May 16, 2019

Digitalizing global trade, one customer at a time

by Point-of-View, OpusCapita

Every company has a purpose or should have, for that matter. Our purpose at OpusCapita is to "Digitalize global trade - one customer at a time".

Patrik Sallner

That sounds pretty lofty and somewhat daring in a time when every single business these days is all about scalability.  In fact, we didn’t casually come up with this purpose statement, we spent a long time looking at our own ambitions and how they align with our customers’ needs.

We have heard a few questions (even internal ones) about our purpose and where we are coming from with this bold and yet surprisingly grounded statement and decided that there is no better way to cover this topic than to get together with our CEO, Patrik Sallner for a short interview with him.

Digitalization, isn’t that just another overused buzzword?

Sure, in some ways digitalization is all around us. Even fridges are digitalized today and part of the Internet of Things. But it’s also a fact that while digitalization is more and more changing how we live our lives, it still has a long way to go to reach its full potential when it comes to the corporate world. Gartner finds that most leaders are struggling on their digitalization journey. So, it may be a buzzword but it doesn’t seem to be an easy goal to achieve. Just for example, let’s consider an invoice. Yes, it’s great that an invoice comes as PDF and not by post anymore, but that was already possible 20 years ago. Digitalization goes far beyond that and when companies move beyond this initial way of making something analog digital, they can then begin to allow digitalization to change how they operate. Only then will they unleash their full potential as a digital business where processes can be automated and business models can transform.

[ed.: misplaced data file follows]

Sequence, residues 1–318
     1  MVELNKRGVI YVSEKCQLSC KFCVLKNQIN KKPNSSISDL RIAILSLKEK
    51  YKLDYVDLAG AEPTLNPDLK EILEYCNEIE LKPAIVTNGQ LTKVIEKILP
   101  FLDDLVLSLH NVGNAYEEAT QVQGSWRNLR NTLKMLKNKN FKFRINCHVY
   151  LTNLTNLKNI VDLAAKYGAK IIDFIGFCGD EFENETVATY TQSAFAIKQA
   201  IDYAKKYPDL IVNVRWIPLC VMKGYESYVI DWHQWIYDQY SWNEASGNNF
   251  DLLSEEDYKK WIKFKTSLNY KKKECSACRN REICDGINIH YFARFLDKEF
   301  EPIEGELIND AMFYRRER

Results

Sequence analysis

Good point, maybe we should quickly talk about digitization vs digitalization?

Yes, those two terms are often confused. Digitization is in some ways a prerequisite for digitalization. Digitization basically means taking information, like a printed document, and converting it into bits and bytes, in this case into a scanned bitmap file, possibly in pdf form.

Digitalization, however, is less about a single document and more about converting whole processes to online, connected digital information. Digitalization happens to processes, departments and businesses when all their information is connected in digital form. It requires a cultural shift as we learn to change how we work with the new tools that enable digitalization.

Digitalizing global trade, Patrik, how did we come to this?

Funny enough, OpusCapita has actually been living this purpose since it was founded in 1984. At that time, we were scanning and printing documents, in other words converting analogue to digital and vice versa. And so have several of the companies that we have acquired over the years.